A Guide to the Meaning and Usefulness of Punctuation Marks.
[Originally published November 19, 2012.]
Everybody thinks punctuation marks are useful. They keep them in jars. They use them to feed aging relatives. They think they will stop that bear from shooting them. They won’t. Punctuation marks actually have extremely limited uses. ¿Seriously… You’re, doing- it- wrong»
Full stop. Like the full Monty, or a full English breakfast, this can be a little overwhelming in the wrong context. If planted eight to twelve feet underground, it can be acceptable. Avoid before 7 pm GMT, except in cases where an urgent breakup is required.
Far preferable is its American counterpoint, the period. It denotes the passing of time or the ordering of chemical elements and is modeled on a small, dark creature crawling into a hole out of boredom. Useful for Jurassic or menstrual themes.
Comma. An extremely long pause pertaining to deep sleep, sometimes fatal. Archaic. Avoid. Use instead the archaic francophone virgule, which reminds the reader of little twigs, the Aeneid, and Madonna songs.
Hyphen. An incredibly popular mark, particularly amongst hipsters and domesticated fowl. This is the sexiest punctuation mark. Use generously, especially if you might self-define as ‘sinewy,’ ‘urbane’ or ‘saturnine.’
Hashtag. Denotes an elaborate game played when one of the participants is on the hunt for some greasy-spoon style breakfast potatoes. Also useful in circumstances when some particularly fine marijuana is brought back from the field of battle and needs to be identified.
Dash. To mark a particularly short and swift sentence; particularly one involving falcons, Usain Bolt, or clinical insanity. Can also be used as a “purifying mark” to be used after insults, smear campaigns, and those subtweets that are really getting far too obvious, “Gordon.”
Ampersand. Great for loud parties on the beach. Use often, especially if you are under 47 and intend to kick that crippling cocaine habit. Does not grant wishes. Looks best in lipstick and serif fonts.
Question mark. Do not, under any circumstances, question Mark. Mark doesn’t know anything.
Apostrophe. A broken, poetic mark that bears the scars of the time it allegedly spent in Vietnam. Be careful with it. Useful, however, in unsent letters and medical prescriptions.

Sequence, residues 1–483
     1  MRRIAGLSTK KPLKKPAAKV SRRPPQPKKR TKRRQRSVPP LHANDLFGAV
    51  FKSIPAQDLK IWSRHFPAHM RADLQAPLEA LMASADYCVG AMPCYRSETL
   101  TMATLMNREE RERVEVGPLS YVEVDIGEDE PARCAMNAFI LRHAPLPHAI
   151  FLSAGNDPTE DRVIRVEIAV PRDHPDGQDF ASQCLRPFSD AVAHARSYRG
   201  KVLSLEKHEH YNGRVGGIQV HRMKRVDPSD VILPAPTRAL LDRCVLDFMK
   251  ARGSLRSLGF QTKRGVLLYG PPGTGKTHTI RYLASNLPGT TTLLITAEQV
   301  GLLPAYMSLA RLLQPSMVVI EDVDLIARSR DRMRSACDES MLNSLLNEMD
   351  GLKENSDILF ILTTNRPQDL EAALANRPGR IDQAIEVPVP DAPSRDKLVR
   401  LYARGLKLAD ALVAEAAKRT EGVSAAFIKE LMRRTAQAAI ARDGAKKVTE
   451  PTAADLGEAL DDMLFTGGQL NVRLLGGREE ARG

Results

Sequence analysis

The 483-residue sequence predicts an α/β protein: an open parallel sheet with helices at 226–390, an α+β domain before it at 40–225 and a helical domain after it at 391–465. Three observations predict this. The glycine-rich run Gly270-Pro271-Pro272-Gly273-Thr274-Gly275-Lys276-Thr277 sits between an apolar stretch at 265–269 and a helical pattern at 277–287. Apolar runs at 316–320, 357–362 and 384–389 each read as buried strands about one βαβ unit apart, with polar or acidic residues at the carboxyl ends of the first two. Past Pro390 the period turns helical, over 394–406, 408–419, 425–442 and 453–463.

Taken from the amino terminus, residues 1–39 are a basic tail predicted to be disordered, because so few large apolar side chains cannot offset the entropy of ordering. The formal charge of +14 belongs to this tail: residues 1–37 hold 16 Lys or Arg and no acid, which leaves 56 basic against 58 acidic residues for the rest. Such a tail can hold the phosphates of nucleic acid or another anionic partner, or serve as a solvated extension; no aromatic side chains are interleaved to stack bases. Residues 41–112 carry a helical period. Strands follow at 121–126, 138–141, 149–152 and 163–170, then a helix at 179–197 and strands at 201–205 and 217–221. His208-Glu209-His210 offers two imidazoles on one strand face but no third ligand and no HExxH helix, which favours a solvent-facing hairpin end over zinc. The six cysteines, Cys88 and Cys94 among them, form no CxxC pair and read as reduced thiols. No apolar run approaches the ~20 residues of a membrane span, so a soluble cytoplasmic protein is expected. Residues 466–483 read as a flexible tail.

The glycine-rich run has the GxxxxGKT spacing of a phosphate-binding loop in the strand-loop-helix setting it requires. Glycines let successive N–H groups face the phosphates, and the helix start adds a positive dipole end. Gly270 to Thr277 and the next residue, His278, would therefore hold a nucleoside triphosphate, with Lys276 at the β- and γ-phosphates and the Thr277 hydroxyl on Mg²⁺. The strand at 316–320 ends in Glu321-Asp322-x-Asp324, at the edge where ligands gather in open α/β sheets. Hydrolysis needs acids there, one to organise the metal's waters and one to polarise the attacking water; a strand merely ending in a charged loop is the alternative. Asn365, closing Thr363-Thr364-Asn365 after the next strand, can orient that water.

Ellipsis. Defective, oval punctuation mark, sometimes mistakenly tripled by idiots. Usually used to mark out oral sex scenes involving psychiatrists. Also, occasionally, in epic space operas. Do not get this as a tattoo.
Exclamation point. Often references holiday locations in Maine, particularly ones where past lovers annoyingly keep turning up in their Mercedes and digging for bivalve mollusks with their new strangely buff girlfriends. Encourages silence. Use sparingly. Caveat: If you start a new paragraph afterwards, Keanu Reeves may appear.
Colon. May contain limbs, bacteria, post-Imperialist explorers. Often misused in Doric temples and by Irish writers. Implement at regular intervals.
Semi-colon. Often mistaken as an indication that less perfume is required (i.e. by club-frequenting horny fourteen year-olds in their feeble attempts to simulate possession of David Beckham’s ‘package’), this is actually a very masculine mark, due to its origins in the business of truck driving, erections, and firearms. Can, however, also indicate the result of a traumatic gastric process. Avoid confusion by never, ever using.
Brackets. Useful for holding up IKEA shelves, clauses, prisoners, and lava lamps in your sex dungeon. “Cool” Americans call these square, and prefer the more regulated parentheses. Even if your dad does tend to talk a lot about the formulation of recursive subset equality, and how once, at this party, he almost managed to pull his auburn-chignoned professor behind the potted palm.
Quotation mark. I told you he doesn’t know anything. No photos! No photos!
SUGGESTED READSThe Comma From Which My Heart Hangs
by Benjamin Samuel (12/27/2013)
A Field Guide to Common Punctuation
by Peter Kispert (4/25/2013)
List: Grammar Gossip
by Peter Kispert (8/12/2014)
RECENTLYLet’s Take This Open Floor Plan to the Next Level
by Kelsey Rexroat (5/29/2015)
Walt Whitman’s Sampler
by Bob Lemon (5/29/2015)
The Hidden Rich: Discipline and Replenish: New Age Vacations for the Rich
by Jane Dough (5/29/2015)